A search by any other name (might get you sued).

Molly K writes "In response to it's inclusion in the new edition of Websters & a nod from the OED, Google has sent out legal letters to various media organizations, warning them against using its name as a verb, reports The Independent. Google is becoming concerned about trademark violation. There's also a nice discussion on trademark vs. copyright on Slashdot's thread about this topic."


Before anyone thinks harshly of Google about preventing the use of its name as a verb one must remember that United States trademark law basically dictates that the trademark holder is responsible for upholding the trademark. Either through lawsuits or legal threats, it remains firmly in the lap of the trademark holder to protect their property. The government doesn't really take a hand in that area of business law.OCLC did much the same thing a while back when they filed suit against a theme hotel using the DDCS to classify its rooms. (I think they filed suit. They may have just sent a cease and desist notice.) OCLC owns the trademark on the DDCS and they have to protect it. Because as soon as they stop protecting that trademark, anyone can start using it. Much like we play with Frisbees and use the Xerox machine... made by Konica.On the good side, I recall that they licensed the DDCS to the hotel for a donation to some kind of library foundation (not OCLC) and a credit somewhere in the hotel's brochure. Just because you have to license it doesn't always mean paying out the nose for it.I don't know how long Google can hold out though. When something enters the common lingo, it's damn near impossible to get out. I use Google as a verb and so do many other people around here. However, unlike Frisbees, when I Google something, I actually use Google. Any flying disc is a Frisbee, but, in my opinion, you can only Google using Google.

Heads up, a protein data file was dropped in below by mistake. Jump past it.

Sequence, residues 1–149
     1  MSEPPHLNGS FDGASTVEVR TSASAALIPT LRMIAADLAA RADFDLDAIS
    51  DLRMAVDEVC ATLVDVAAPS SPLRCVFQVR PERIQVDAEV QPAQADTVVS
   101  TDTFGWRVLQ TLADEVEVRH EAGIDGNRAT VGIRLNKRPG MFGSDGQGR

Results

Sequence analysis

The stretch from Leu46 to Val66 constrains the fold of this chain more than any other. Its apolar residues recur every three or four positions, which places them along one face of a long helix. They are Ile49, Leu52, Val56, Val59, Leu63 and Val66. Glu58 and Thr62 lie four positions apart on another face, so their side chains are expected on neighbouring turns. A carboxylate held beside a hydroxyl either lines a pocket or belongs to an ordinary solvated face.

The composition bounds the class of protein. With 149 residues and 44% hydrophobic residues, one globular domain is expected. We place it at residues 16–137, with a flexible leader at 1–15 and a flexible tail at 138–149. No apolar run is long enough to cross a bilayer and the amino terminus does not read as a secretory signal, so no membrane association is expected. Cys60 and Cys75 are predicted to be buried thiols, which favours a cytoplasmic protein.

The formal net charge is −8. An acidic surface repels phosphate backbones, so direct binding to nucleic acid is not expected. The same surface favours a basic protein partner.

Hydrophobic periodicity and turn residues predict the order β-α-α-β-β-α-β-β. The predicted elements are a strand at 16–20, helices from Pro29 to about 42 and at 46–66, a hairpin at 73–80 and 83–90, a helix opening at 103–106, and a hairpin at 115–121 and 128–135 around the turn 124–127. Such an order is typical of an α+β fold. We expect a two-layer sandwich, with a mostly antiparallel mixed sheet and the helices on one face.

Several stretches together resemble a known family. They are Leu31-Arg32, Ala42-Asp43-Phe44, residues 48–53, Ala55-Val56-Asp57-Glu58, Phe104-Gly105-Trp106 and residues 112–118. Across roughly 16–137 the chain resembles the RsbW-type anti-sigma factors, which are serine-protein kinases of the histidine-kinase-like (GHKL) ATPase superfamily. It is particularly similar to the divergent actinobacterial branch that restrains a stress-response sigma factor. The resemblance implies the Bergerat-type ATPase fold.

But what about the Kleenex, doesn't anyone cry for the Kleenex?

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